I’d been primed on Great Man History in Austin, and so knew the story of the Alamo (spoiler alert: Davy Crockett dies, something Walt and co. failed to show in the televised 1960 program). The attack and defence is presented very much as a tragic sacrifice along the lines of “they gave their lives so we could have our freedom”, neatly mirroring Christian ideology.

The interpretive methods were tried-and-true: a rousing video presentation, ample text panels, a number of artifacts, an expansive gift shop.


Alamo interpretive text panel outlines the aftermath of the Battle of San Jacinto, April 21, 1836.

While more than adequately chronicling Texan deaths at the Alamo (a number ranging from 180-250), the Alamo interpretation soft-pedals Mexican casualties (numbering around 600 at the Alamo, and offering a staggering 650 deaths to Texas’s 11 during the 18-minute Battle of San Jacinto). History is indeed written by the victors.

I left the Alamo deflated, even with my low expectations. The surrounding environs didn’t help lift my spirits. Ringed with souvenir shops and tourist attractions, the Alamo is slowly circled by fairy-lit horse drawn carriages. Directly across the street, American super-heroes raise arms against potential foes in a bizarre counterpoint: plus ça change, plus c’est le même chose.


Hulk smash Alamo

In praise of a living history


Longhorn at LBJ’s Ranch

Winding our way through Texas Hill Country between Austin and San Antonio, avoiding the soul-sucking I-10, we found ourselves hankering for a destination. What about Luckenbach? Wasn’t there a song about Luckenbach? Or, wait. How about the 3 million Texas vineyards and wineries you’ve never heard of, each poised to gently siphon dollars from the pockets of a generally well-heeled Texan populace? (side note: the wealth discrepancy between Texas and Louisiana is shocking, just based on their basic amenities and the state of their roads)

In Fredericksburg, there’s no shortage of twee galleries selling bronze statuary of bucking broncs and roped calves, as well as the George Bush Gallery. There’s even the National Museum of the Pacific War (I don’t make this stuff up, because WHERE ELSE WOULD IT BE?) Turns out, Admiral Nimitz is from Fredericksburg, thereby corning the market on land-locked museums telling the Pacific War story.

We parked in a diagonal street-side set up; when getting back into the car after lunch, I was startled by a knock on my passenger-side window: a stetsoned gentleman had parked beside me in his blindingly white behemoth pickup truck. His wife, clutching her pearls on the boardwalk, thought he should at least offer to guide us out of our spot. Evidently our tiny VW Golf wasn’t much seen in this land of the behemoth white pick-ups, and she was afraid we’d get smoked trying to back up into the road.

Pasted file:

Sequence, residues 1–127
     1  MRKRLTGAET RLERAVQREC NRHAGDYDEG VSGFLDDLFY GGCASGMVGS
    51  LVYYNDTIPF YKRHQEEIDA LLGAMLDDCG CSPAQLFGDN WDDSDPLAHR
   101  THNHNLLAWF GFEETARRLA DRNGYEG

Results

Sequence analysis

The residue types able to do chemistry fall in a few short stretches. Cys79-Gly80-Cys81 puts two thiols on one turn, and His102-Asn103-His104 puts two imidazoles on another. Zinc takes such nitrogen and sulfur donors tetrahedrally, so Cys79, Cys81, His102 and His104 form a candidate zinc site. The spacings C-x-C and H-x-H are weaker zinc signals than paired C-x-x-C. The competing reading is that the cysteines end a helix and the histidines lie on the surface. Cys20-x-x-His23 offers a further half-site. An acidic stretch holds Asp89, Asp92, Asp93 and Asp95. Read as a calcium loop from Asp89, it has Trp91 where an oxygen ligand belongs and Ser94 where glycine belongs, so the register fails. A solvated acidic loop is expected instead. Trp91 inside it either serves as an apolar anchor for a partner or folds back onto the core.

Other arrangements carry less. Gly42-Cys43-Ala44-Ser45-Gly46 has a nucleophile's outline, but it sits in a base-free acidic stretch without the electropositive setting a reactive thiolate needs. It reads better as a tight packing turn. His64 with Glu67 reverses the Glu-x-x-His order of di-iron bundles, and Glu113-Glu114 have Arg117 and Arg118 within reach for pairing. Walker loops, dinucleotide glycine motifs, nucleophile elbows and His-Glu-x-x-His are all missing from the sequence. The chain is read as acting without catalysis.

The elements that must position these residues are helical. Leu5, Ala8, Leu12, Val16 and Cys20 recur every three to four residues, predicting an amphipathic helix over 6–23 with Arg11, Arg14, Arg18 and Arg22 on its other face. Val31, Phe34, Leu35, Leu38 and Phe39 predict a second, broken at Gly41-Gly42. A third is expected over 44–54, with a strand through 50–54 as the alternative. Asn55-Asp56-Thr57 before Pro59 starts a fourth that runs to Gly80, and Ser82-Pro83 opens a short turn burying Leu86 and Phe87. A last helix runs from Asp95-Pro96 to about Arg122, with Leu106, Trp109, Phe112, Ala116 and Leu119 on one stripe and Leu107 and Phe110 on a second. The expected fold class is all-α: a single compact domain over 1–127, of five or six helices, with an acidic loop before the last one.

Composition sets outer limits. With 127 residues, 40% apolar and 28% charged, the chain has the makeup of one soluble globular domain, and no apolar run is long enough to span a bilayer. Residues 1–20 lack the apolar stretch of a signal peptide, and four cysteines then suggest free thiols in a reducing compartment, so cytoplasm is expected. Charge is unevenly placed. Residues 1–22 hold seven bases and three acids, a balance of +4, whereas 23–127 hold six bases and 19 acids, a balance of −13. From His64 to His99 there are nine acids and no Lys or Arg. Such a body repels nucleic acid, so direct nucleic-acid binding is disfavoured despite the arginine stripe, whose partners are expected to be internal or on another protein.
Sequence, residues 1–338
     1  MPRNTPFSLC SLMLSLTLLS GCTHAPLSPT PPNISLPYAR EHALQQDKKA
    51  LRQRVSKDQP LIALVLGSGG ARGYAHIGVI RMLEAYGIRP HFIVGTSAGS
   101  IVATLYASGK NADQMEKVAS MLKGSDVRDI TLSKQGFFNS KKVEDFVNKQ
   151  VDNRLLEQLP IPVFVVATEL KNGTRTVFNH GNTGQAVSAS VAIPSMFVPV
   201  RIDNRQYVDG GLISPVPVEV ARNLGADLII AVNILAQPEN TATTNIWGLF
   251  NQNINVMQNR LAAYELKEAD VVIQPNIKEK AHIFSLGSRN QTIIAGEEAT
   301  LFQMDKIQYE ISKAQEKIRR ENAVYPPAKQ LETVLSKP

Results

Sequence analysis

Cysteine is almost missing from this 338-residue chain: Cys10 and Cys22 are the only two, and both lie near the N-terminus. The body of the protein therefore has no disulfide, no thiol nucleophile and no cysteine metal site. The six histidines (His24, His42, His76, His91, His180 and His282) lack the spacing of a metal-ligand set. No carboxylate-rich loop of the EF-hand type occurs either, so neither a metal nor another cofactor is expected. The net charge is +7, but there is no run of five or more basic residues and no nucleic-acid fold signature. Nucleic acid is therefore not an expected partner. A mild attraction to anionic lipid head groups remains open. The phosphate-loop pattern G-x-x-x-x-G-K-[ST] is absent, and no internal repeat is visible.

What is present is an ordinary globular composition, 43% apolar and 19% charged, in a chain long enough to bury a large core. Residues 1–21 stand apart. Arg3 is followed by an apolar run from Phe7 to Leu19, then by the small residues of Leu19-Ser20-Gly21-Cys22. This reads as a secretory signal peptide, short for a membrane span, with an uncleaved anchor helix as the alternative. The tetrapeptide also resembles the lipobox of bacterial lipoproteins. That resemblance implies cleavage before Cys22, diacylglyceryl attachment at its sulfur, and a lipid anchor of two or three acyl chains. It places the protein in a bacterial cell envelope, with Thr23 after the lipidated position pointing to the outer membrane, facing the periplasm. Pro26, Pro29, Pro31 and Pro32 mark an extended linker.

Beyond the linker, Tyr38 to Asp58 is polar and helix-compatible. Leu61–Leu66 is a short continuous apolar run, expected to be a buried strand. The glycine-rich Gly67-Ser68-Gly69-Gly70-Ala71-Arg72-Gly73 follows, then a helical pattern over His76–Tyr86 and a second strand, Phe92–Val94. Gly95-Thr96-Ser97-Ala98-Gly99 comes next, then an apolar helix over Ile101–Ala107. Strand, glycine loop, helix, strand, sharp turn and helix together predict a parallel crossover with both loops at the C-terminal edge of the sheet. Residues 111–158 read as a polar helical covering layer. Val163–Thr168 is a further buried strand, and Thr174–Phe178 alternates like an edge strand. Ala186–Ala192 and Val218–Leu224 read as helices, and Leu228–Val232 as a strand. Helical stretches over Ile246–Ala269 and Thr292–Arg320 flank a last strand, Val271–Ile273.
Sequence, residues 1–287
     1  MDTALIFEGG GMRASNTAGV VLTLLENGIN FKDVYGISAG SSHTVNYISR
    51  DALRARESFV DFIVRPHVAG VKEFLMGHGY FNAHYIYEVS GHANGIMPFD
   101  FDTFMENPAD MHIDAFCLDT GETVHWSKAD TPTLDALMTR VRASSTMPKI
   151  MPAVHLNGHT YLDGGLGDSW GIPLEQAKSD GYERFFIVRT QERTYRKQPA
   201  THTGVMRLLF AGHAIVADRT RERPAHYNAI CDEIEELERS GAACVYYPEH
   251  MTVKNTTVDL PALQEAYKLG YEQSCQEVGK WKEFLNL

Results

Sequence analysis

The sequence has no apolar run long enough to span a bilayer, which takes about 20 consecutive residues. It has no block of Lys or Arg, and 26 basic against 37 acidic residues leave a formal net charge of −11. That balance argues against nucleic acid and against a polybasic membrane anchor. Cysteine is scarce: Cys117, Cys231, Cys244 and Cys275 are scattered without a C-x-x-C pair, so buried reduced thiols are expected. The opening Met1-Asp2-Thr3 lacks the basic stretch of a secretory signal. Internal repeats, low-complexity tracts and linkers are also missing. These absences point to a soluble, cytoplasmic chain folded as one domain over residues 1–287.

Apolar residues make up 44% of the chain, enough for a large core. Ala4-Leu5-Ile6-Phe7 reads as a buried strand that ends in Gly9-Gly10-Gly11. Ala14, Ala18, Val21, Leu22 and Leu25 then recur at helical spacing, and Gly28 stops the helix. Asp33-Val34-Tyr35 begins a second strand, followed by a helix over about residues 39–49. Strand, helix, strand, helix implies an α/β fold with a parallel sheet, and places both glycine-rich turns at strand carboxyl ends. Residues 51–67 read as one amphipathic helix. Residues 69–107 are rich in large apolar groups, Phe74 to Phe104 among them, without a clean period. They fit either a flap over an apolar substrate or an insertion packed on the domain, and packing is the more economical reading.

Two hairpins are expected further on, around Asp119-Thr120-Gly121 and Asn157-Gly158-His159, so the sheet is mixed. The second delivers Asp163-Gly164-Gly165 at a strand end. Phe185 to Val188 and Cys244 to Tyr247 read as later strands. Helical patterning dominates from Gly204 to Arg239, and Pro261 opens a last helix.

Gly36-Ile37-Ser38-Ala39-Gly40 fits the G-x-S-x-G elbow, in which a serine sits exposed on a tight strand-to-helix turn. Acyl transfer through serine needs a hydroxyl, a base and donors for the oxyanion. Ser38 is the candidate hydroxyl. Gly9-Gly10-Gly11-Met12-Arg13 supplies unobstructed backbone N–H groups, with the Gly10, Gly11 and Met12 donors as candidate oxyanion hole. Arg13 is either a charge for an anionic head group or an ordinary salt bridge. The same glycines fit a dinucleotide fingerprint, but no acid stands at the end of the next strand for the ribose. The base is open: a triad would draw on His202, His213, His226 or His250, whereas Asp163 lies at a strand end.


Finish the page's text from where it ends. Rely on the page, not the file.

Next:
She smiled when I declined. I think they were really worried for us, driving such a small car.

Ah, yes. A destination. This being Big Man Country (not to be confused with no country for old men, which I think is Arizona or New Mexico), why not Lyndon B. Johnson’s Ranch? It’s a national historic site or something.

Off we went.


Note to Texas Parks & Wildlife: The US Parks has a waaaaay better logo. I’m worried that your Starbucks green and copperplate font was whipped up by a summer intern.

The LJB State Park and Historic Site is fairly massive and has a herd of longhorn cattle, a tennis court, a swimming pool, and the Sauer-Beckmann Farm (Rural Life, 1900-1918) in addition to the ranch dubbed “The Texan White House”. While LBJ didn’t grow up on the Sauer-Beckmann farm, he grew up on one like it and one of the Sauer daughters was a midwife at LBJ’s birth.

The farm provides one of those truly delightful experiences for someone who works in museums–a kick-ass costumed interpretive staff. These guys were great. I got more information in a short amount of time than any 500-word text panel, computer interactive, or video presentation could possibly deliver. Our fellow, who was just hanging about, rendering lard, was interested in us, interested in what he was doing, and his delivery was gentle and to the point.

Part of what made the farm so nice was that it was specific. It had a story to tell: rural life in west Texas, 1900-1918. Full stop. That was its point and it knew it.


Free-range artifacts at the Sauer-Beckmann Farm

Artifacts were out in the open, giving heart-attacks to all good conservation-minded museologists. Their proximity led to several overheard conversations–an older gentleman remarking to his partner that he knew this piece of sheet music, or that grandma had something quite similar, etc.

There have been a few times this trip where I’ve had a good conversation with an interpreter or visitor services person or, hell, the waiter at Sabertooth Fine Foods in El Paso. These very human interactions are often down-played or ignored in museum interpretation and exhibition planning.

The American Parks service rotates volunteers through its sites. We met a terrific guide at the William Johnston House in Natchez (a good historic house that provides a nice counterpoint to all the well-I-do-declare Plantation tours that seem to say, “Wouldn’t it be nice to be a plantation mistress with all these slaves and such?”). The Parks training program must be fantastic, to produce such good humans.

But that’s it–the human touch. It needn’t be maudlin. Not robotic, nor heavily scripted. Just well-informed. My favourite way to get my interpretation fix.

Sad, sad text

Please. Just stop with the historical markers. If I’m going to pull my car out of breakneck traffic to swerve to your roadside marker, if I’m going to stop in the unshaded heat of midday to crane my neck upwards, if I’m going to stop near a muttering drunk on 6th street at midnight to examine your plaque on the side of an historic building, please please please make it worth my while.

Just not this.


Sign in downtown Austin

Did you make it past the second sentence? Me neither.

Give me some excellent words. Something that conveys a sense of excitement and purpose, that pops with violence or passion, that leaves me gutted or uplifted.

Also: ALL CAPS. For the love of god, no.

The great men of Texas